That was interesting for sure. I still think that the medical professionals have some way to go however: the first comment from a Dr shows that he doesn't quite have a full understanding of things. Perhaps even the BMA might now have to reconsider their position too.
The main benefit of e-cigarettes, therefore, is that they provide inhalable nicotine in a formulation that mimics the behavioural components of smoking but has relatively little risk. (...) Switching completely from tobacco to e-cigarettes achieves much the same in health terms as does quitting smoking and all nicotine use completely.
Much concern has been expressed that use of e-cigarettes in public, especially in places where tobacco smoking is prohibited, undermines the denormalisation of smoking achieved in recent years and hence promotes smoking. Concerns about renormalisation through use in places where smoking is prohibited assume that e-cigarettes and tobacco cigarettes look so similar that non-smokers, and particularly children, cannot tell the difference, which is unlikely. E-cigarettes – especially later generation products – clearly look different, and the odourless vapour that they produce is quite different from tobacco smoke.
Despite the controversies, it is clear that e-cigarettes are far less hazardous than is tobacco. With more than a million UK smokers using them to help to cut down or quit smoking, they are proving to be valuable harm reduction and cessation products and could make a substantial contribution to reducing the burden of death, disability and poverty currently caused by tobacco smoking. Health professionals should embrace this potential by encouraging smokers, particularly those disinclined to use licensed nicotine replacement therapies, to try them, and, when possible, to do so in conjunction with existing NHS smoking cessation and harm reduction support. E-cigarettes will save lives, and we should support their use.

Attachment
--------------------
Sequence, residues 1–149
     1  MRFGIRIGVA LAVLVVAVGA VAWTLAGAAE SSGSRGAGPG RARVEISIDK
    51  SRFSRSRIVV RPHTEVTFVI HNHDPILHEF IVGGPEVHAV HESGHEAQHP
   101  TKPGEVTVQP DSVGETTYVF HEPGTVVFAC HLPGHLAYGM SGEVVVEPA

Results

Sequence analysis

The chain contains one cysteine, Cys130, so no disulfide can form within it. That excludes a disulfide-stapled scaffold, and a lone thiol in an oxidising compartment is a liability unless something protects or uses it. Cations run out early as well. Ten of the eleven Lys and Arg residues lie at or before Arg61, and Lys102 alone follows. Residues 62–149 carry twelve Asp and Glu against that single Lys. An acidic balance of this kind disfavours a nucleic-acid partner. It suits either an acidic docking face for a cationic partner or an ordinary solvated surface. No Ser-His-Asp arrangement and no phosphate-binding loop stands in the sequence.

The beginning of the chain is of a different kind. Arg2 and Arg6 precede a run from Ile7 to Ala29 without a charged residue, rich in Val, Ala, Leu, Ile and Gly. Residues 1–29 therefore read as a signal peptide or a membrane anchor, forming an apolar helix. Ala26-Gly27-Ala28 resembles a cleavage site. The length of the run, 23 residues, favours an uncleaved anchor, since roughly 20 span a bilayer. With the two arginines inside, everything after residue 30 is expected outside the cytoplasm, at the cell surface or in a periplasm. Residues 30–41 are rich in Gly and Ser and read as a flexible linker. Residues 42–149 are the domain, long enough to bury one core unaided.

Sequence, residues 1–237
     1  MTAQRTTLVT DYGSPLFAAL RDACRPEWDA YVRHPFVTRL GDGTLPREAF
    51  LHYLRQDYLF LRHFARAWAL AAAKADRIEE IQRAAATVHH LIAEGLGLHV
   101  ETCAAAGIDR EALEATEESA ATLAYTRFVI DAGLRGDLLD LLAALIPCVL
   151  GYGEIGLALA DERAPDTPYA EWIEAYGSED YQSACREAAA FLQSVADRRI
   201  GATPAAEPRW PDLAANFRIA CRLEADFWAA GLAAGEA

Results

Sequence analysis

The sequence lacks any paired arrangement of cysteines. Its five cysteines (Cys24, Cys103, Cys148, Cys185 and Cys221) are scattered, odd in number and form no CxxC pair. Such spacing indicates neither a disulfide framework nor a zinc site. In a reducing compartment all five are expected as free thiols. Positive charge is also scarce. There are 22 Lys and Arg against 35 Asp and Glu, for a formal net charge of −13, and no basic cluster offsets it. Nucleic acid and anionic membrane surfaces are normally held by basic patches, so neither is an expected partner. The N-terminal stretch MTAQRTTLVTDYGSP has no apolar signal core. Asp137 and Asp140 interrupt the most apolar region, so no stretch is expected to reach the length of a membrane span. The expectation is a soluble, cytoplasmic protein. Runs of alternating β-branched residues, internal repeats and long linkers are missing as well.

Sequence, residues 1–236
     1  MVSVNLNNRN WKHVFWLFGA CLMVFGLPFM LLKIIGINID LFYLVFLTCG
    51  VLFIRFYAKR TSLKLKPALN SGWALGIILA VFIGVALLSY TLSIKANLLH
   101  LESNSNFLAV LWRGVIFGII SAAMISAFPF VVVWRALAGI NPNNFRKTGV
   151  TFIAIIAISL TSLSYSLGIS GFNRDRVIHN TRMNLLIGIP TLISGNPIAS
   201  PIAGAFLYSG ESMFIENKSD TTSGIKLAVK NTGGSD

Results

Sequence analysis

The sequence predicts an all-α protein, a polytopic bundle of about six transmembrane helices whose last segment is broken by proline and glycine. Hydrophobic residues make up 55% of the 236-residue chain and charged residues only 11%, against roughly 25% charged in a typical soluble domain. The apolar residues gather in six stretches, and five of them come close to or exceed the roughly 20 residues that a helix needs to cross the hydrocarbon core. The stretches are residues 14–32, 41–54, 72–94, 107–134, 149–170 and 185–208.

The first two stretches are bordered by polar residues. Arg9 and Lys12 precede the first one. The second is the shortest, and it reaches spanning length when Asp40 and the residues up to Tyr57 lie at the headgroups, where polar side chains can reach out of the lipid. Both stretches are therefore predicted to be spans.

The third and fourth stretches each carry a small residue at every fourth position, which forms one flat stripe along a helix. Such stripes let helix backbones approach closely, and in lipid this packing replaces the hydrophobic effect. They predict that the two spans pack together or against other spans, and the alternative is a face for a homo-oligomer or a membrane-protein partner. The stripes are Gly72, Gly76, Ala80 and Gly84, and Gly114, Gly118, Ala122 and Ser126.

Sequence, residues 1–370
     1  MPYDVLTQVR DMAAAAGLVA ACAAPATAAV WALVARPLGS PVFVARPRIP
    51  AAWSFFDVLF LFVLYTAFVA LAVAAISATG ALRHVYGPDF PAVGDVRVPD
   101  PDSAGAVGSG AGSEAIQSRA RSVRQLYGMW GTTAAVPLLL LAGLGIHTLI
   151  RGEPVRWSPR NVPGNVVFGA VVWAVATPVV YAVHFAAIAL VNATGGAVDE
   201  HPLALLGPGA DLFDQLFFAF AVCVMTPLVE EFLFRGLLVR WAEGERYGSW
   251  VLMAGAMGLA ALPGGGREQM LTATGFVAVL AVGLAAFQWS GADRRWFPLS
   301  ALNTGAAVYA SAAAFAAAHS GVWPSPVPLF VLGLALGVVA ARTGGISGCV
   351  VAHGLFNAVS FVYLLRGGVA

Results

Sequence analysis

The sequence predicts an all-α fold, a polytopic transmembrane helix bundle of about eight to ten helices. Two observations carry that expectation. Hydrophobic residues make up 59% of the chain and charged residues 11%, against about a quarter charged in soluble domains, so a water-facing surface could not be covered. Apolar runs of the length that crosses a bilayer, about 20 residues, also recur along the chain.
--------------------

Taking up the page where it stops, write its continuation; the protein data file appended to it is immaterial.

The strength of e-cigarettes in health terms probably lies less in their ability to compete as pharmacological therapies than in their consumer acceptability, wide availability, non-medical image and price advantage over cigarettes.
In practice, new users of e-cigarettes are probably most likely to come from the same population of young people who currently experiment with tobacco.
Concerns about renormalisation through use in places where smoking is prohibited assume that e-cigarettes and tobacco cigarettes look so similar that non-smokers, and particularly children, cannot tell the difference, which is unlikely. E-cigarettes especially later generation products clearly look different, and the odourless vapour that they produce is quite different from tobacco smoke.
There are concerns about sustained dual use in smokers who might otherwise have quit completely and also that continued use of e-cigarettes might make relapse to smoking more likely among those who have quit tobacco completely. Although it is too early to tell whether smokers who quit smoking with e-cigarettes are more likely to relapse than are those who use other methods, no evidence as yet shows that dual use results in reduced quit rates.